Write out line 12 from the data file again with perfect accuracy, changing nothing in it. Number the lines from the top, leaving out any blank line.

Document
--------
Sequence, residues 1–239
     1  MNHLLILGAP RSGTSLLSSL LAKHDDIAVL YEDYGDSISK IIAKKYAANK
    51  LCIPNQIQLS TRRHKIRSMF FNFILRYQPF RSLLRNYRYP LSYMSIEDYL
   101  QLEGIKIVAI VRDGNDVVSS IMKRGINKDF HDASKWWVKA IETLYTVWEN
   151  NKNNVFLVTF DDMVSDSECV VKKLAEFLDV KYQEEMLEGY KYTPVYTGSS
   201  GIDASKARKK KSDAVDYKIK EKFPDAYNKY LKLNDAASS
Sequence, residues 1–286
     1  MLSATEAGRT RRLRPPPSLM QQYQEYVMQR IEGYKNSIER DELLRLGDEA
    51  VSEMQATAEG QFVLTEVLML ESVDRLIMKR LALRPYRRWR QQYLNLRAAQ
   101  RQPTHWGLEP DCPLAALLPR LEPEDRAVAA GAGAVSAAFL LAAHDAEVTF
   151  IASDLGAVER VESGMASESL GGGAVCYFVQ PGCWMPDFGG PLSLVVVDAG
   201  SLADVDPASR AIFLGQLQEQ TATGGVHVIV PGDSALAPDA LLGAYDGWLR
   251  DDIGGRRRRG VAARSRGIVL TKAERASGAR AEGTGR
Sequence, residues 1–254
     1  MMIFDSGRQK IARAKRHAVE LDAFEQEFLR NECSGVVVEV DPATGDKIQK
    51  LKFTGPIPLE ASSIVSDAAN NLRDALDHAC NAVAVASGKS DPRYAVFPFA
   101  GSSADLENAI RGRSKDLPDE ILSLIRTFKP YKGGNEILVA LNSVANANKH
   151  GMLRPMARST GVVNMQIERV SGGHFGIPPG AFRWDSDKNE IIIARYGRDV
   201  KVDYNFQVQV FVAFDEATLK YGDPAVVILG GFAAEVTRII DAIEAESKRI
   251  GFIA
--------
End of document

   201  SLADVDPASR AIFLGQLQEQ TATGGVHVIV PGDSALAPDA LLGAYDGWLR